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I am being observed on weds morning working with reception aged children using bee bots (programmable toys). I am going to set the children different tasks and challenges requiring them to programme the bee bot, this will also involve estimating, positional lang, number, distance, directions etc. I was just wondering if any body has used these before and has any exciting ideas of how to use them? Or knows of an activity that worked well in their setting when using bee bots? Any ideas gratefully recieved. Thank you

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I just spent the last half term using Beebots with my Reception class. We used them to explore position and direction, ordinal language, and estimating distances.


In the first week we played circle games in groups. After showing the children how to instruct the Beebot to move forward one space, the children had to estimate how many times the Beebot had to travel to reach certain children around the circle. The programming element was very simple at this stage as there was no turning involved. They picked it up very quickly, comparing the distances and trying to work out which journeys would be longer/shorter.


In week 2 we did Rosies Walk, and the Beebot was Rosie. I printed and laminated the locations in the story and laid them out on the florr. The task was for the children to work in pairs and direct Rosie from one place to the next. The more able children explored the Beebot further and found they could make it turn, so they were starting to look at more complex instruction. The less able needed more time to work on simple commands.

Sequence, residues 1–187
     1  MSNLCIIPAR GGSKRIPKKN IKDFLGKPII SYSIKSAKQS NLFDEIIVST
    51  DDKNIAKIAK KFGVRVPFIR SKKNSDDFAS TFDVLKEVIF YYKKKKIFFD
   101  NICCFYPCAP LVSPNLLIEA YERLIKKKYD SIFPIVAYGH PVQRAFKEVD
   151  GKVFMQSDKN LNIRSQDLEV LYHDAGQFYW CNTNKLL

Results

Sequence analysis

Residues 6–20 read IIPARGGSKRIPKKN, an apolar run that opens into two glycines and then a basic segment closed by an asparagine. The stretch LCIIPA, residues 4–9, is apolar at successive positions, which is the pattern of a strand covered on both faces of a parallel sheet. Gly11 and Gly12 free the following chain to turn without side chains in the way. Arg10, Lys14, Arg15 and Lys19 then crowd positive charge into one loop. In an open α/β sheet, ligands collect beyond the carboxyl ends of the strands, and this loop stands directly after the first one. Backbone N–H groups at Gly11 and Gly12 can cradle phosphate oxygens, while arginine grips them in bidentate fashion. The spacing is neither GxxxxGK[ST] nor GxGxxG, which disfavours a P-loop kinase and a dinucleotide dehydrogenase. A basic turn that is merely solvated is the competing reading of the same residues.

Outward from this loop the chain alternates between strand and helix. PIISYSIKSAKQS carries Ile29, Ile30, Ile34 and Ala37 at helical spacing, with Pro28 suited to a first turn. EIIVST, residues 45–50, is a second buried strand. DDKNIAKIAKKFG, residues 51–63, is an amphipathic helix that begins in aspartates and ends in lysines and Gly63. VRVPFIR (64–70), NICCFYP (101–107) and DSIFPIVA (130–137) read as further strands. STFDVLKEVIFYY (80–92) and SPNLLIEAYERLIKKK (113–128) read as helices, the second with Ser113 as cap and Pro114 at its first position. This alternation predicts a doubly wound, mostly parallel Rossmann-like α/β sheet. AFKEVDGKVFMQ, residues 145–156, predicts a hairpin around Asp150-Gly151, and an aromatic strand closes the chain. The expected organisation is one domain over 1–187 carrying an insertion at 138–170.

In week 3 we did the Jolly Postman. Similar to Rosie's walk only they were looking at ordinal language, trying to deliver the letters in the right order using the story as a guide.


You can invest in some floor tiles that are the right size for the Beebot but they are quite pricey and wouldn't nbe with you in time for Wednesday, but at this age I think it's easier for the children to not have grid lines to worry about and just enjoy using them! My class absolutely love them, so much that they ran the batteries out in one of them!


Good luck with your observation!



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